In business, you have to spend money to make money. If you sell shoes, you need a place to sell them. If you paint houses, you need ladders and equipment and a truck to transport them. Your employees, if you have them, must be paid. Accountants refer to the normal costs of business as operating expenses. Some of these costs, but not all, also go by the name overhead.
Operating expenses are simply the costs a company incurs in the normal, day-to-day activities of its business. If you own a shoe store, for example, your operating expenses would include such things as rent and utilities for your retail space, your workers' wages, cleaning supplies and, of course, the wholesale cost of all those shoes you sell. Operating expenses are distinguished from capital expenditures, which represent money reinvested in the business. If you decide to buy a plot of land and build your own shoe store rather than rent space from someone else, the cost of the land and construction would be capital expenditures. These are business costs -- but they aren't incurred in the day-to-day operations of your company. You're in business to sell shoes, not put up buildings.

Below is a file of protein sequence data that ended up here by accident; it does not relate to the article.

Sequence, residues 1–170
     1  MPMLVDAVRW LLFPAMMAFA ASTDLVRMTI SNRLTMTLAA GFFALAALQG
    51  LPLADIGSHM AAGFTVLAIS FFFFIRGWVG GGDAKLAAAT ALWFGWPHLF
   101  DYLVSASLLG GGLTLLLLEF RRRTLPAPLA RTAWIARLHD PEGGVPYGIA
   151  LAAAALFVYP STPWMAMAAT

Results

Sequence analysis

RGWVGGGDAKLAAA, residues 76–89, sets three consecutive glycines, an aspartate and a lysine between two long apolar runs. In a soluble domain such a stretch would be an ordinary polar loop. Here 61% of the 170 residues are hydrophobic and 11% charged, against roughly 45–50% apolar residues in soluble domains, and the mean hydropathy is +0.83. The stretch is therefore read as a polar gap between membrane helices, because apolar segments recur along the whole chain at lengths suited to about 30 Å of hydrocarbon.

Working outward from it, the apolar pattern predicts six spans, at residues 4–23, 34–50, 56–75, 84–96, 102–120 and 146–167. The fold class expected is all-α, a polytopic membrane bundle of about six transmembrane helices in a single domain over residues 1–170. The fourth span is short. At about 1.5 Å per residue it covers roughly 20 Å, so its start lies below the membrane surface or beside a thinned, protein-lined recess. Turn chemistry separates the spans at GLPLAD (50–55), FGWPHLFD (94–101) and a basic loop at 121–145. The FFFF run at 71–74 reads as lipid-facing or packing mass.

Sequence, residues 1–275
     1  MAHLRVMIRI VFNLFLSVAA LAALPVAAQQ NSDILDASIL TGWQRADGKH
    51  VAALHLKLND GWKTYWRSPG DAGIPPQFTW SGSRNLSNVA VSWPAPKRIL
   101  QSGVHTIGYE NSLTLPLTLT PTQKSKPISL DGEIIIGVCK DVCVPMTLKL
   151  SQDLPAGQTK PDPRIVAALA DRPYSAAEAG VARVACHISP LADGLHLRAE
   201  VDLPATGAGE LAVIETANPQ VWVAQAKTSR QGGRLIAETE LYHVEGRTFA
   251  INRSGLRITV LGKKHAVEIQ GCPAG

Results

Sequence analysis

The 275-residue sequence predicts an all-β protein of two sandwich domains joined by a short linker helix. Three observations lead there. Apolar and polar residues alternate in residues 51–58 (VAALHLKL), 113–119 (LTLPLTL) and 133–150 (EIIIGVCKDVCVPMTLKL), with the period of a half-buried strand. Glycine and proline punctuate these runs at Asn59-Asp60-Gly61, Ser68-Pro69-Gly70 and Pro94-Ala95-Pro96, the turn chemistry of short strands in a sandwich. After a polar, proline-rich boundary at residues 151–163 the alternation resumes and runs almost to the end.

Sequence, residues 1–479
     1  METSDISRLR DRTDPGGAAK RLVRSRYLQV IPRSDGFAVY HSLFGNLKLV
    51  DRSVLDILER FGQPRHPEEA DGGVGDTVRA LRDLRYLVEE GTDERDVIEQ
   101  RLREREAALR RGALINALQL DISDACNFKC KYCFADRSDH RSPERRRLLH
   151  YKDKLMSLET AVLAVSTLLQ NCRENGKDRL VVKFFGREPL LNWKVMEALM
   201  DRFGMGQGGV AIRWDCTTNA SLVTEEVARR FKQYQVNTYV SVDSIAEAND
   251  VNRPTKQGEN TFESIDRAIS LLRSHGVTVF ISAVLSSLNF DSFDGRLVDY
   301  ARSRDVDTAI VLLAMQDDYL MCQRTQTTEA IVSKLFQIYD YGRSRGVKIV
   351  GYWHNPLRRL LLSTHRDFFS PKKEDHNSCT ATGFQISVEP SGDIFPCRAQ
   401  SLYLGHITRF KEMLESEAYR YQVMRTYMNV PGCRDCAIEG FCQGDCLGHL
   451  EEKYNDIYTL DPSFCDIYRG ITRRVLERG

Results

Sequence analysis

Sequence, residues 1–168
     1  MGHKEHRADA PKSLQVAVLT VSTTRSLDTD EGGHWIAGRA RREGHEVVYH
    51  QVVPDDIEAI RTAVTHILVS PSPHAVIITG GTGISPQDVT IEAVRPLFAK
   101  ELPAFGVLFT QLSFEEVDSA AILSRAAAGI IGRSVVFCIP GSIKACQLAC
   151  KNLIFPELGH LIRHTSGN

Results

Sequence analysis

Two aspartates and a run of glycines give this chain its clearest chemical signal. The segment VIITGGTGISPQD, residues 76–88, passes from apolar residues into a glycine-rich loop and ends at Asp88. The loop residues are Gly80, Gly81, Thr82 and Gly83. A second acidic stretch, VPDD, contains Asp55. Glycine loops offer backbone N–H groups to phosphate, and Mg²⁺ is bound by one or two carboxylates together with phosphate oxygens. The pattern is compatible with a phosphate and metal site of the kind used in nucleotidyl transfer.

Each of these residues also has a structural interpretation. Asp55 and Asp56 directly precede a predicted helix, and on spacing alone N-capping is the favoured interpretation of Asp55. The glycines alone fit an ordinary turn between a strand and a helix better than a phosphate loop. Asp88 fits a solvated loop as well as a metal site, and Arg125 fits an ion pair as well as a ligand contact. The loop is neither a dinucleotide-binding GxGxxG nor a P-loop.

The term "overhead" gets used broadly, but, in general, it refers to operating costs not directly related to the goods and services that a company is in business to provide. A company's rent is an example of an overhead cost. Phone lines, Internet service, cleaning costs and supplies all count as overhead. Overhead consists of different things depending on the company. For a plumber, the cost of maintaining a vehicle may count as overhead. For a delivery company, however, that may count as a direct cost of providing services. A manufacturer, for example, might consider the salaries of its administrative staff to be overhead, while production workers' labor and the costs of operating its factory get included in "cost of goods sold," an accounting category which, by definition, is not overhead.
Fixed and Variable Overhead
Overhead costs fall into two categories: fixed and variable. Fixed overhead costs stay the same regardless of how much business a company does. A plumbing company's rent, for example, is probably going to be the same whether the company goes out on 10 jobs a month or 1,000 jobs. But variable overhead costs increase when sales increase. If an increase in work means the plumbing company puts more miles on its trucks, the costs of gas and maintenance will rise.
In general, overhead costs are operating costs, but not all operating costs are overhead. On a company's income statement, overhead costs often are rolled into a broad category called "sales, general and administrative," often abbreviated SG&A, or something like "general operating costs." Operating costs directly related to selling goods and services appear under "cost of goods sold" or "cost of services sold."